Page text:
A group of Saudi women have launched an international campaign against the kingdom’s male guardianship law, on the anniversary of a prominent protest, in which dozens of Saudi women publicly drove their cars through the country’s capital.

The campaign calls on supporters all over the world to tie a black ribbon around their wrist signifying a call for Saudi women to be given equal rights to men and an end to the male guardianship system, in which Saudi women are represented by men in all public and official spheres of life.

“We are calling on everybody, both Saudi and non-Saudi, to show their support of Saudi women,” Wajiha Al-Huwaidar, the leader of the campaign, told The Media Line. “It’s not just about the right to drive, it’s everything,” she said. “We want to have our lives back, which the male guardianship system took from us. So we are calling for everyone to wear this black ribbon and spread the word.”

A statement by campaign organizers called for women to be given “rights to marry, divorce, inherit, gain custody of children, travel, work, study, drive cars and live on an equal footing with man.”

“We, Saudi women activists, appeal to all those who support Saudi women’s rights, inside and outside the Kingdom, to participate in the campaign by wearing a black ribbon on their wrists as a symbolic and peaceful gesture of their advocacy to Saudi women’s rights,” the statement read.

Under the motto “we will not untie our ribbon until Saudi women enjoy their rights as adult citizens”, the “Black Ribbon Campaign” was launched Friday to mark the anniversary of a famous event on November 6, 1990, in which 47 Saudi women publicly drove cars through the Saudi capital, Riyadh, in a protest calling for Saudi women to be given the right to drive. The women were subsequently detained by Saudi police, had their passports confiscated, and some were fired from their jobs.

Al-Huwaidar said she expected to receive significant support for the campaign throughout the weekend.

“I am expecting many people to wear it, especially people outside Saudi Arabia,” she said. “Teenagers wear the black ribbon anyway as a fashion. Now they have a reason, so that when someone asks, they will say ‘We are supporting Saudi women.'”

“I am hoping to get famous people to wear it and a group of us will be walking around throughout the day recruiting women,” Al-Huwaidar added. “I’m trying of course to avoid the religious police because they are always around, but we are just asking for our rights.”

Saudi Arabia has seen growing social tension as the younger generation demands a liberalization of the hold the kingdom’s strict religious establishment has over the country’s laws.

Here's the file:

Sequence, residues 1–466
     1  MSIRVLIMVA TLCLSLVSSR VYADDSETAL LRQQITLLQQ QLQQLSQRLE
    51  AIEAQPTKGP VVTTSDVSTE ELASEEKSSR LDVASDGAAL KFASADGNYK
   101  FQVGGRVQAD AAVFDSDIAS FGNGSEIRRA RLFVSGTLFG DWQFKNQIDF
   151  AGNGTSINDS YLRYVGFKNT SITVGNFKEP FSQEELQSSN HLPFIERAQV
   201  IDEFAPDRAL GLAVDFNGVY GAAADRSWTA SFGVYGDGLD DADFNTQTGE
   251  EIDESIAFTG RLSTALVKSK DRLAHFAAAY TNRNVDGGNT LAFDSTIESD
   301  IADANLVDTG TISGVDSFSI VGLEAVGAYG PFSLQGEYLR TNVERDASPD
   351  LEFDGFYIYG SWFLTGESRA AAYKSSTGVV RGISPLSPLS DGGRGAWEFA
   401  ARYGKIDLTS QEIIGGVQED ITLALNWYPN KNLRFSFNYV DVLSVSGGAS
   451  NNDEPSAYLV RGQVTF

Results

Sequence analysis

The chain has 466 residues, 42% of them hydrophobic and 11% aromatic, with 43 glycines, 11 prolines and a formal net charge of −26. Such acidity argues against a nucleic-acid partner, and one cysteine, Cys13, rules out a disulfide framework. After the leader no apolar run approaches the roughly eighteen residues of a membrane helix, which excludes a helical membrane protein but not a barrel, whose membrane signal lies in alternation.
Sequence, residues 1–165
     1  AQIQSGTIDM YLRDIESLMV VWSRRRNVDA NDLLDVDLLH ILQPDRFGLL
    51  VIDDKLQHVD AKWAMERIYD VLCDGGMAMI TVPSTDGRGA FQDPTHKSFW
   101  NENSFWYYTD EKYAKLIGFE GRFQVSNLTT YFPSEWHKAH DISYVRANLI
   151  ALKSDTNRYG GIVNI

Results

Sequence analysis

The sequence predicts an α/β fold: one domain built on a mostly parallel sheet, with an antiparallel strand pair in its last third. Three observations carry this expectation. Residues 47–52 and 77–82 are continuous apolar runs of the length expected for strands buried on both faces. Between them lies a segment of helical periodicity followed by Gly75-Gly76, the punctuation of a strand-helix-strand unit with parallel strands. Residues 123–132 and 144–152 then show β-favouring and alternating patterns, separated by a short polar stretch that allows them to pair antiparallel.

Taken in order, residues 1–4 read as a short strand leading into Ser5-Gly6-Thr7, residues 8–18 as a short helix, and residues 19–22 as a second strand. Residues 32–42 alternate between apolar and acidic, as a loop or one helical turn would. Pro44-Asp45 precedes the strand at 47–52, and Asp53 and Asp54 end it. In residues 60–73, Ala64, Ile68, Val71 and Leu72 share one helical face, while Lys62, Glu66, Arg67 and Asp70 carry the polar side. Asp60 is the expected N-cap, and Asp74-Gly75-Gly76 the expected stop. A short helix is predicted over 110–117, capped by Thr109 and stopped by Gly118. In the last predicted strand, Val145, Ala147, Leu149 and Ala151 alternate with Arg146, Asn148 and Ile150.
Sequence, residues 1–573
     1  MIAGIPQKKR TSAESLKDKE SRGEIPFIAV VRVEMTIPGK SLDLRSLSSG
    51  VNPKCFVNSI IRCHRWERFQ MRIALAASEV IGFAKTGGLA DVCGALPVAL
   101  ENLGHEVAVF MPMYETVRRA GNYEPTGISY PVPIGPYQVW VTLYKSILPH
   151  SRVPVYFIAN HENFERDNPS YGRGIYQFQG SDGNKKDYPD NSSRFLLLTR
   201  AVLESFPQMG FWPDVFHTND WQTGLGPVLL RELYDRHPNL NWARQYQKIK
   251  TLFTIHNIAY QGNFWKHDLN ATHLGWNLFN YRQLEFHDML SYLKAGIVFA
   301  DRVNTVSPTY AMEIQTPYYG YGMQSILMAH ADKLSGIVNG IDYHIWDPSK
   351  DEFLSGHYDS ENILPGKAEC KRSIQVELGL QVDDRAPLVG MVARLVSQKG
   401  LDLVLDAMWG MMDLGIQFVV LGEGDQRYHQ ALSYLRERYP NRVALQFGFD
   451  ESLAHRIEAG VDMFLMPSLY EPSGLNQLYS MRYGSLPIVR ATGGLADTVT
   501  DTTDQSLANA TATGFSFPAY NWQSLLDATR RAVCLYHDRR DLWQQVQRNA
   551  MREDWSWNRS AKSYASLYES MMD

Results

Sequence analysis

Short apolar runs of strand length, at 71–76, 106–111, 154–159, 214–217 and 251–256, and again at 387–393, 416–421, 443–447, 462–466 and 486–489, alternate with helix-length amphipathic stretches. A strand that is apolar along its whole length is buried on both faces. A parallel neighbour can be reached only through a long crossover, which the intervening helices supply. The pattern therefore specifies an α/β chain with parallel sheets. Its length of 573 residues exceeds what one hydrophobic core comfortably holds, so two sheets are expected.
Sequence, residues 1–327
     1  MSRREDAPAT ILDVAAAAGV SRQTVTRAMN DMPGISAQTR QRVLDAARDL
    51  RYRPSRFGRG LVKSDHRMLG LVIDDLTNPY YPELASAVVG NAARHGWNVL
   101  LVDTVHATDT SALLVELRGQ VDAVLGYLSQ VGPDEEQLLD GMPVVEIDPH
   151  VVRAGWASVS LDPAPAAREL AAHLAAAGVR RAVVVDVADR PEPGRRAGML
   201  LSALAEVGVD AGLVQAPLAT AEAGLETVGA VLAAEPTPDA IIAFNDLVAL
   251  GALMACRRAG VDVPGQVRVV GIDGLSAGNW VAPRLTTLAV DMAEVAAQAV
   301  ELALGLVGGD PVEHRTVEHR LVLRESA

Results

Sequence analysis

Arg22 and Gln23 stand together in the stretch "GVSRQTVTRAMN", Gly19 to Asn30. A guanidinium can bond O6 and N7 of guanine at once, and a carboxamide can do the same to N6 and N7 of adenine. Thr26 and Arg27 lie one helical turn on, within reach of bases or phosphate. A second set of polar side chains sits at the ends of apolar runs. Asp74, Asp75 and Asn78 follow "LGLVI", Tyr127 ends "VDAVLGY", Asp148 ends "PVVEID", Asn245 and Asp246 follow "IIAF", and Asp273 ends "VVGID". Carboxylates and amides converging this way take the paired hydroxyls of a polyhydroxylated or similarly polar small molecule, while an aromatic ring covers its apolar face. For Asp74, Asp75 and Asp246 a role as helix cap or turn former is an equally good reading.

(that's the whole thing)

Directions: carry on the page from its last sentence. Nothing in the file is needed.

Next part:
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  1. Wow! These women deserve their rights. Lets hope a change is made!!

  2. Dear Jane,

    I salute you!

    Here is something I’ve posted on my blog just a few days ago. I think it have something to do with what you are writing about:

    I think it is time for the Muslim community to come out with a join statement and differentiate itself from the suicide bombers and jihadists!

    I never heard anyone killing people screaming “Jesus is Great!”

    If you kill innocent people in the name of your God that means that something is very, very wrong with your believes.

    A religion which fate produces suicide bombers and killers, hates women and plant intolerance against infidels(whatever that means), obviously tolerates all that comes out of it.

    The killer from Fort Hood haven’t been discarged from the Army because if he was, he was going to sue them back for the violation of his Human Rights! Tiptoiong on a cituation like this one will lead to more innocent victims in the future.

  3. Jane….I read your book, I met and spoke to you at the symposiumspace in NYC a while back and – I read your blog and simply put …you AMAZE me! God bless you and your family! With love and respect…Lisa Hession email:[email protected]

  4. courageous women!! more and more we must stay aware of human’s rights!! Frederique dhenein

  5. Dear Jane,
    When people think of Oregon they think green but I want you to know we are in BLACK. I’ll spread the word.
    Get some rest,

    • Thanks, Raeann> Am trying. I miss Richard!!! Love to Sylvia. xxx

  6. I’m so excited to hear they are making a stand for more rights!! It’s about time!!! I’ve thought about these women many times. It must be a horrible thing to live in such a repressed society! These women who are trying to help make changes are so brave! I do wish them well! Their cry for equality will be heard around the world!! I’ll have to get a black ribbon to wear! Thanks for telling us about this!

  7. I have no access to make a black ribbon, but I am already wearing black. If people ask why, I will say it is because of this.

  8. It’s a shame how many times we take for granted like the ability to even get up an use the restroom at a resturant without being accompanied by a man!

  9. Hi Jane:

    I have really enjoyed reading your blog and getting to know more about you.
    I would really like to invite you to take a look at the following website about a WWII film set in Italy. We would love your support and it would be wonderful if you could mention it on twitter if you like to the context of the film at all…

    Many thanks and a very happy New Year to you!!


    • Thanks, Sarah, but unfortunately i am on crushing book deadline and cannot takethe time to watch the film you mention. Nothing extracurricular for me till mid-May.

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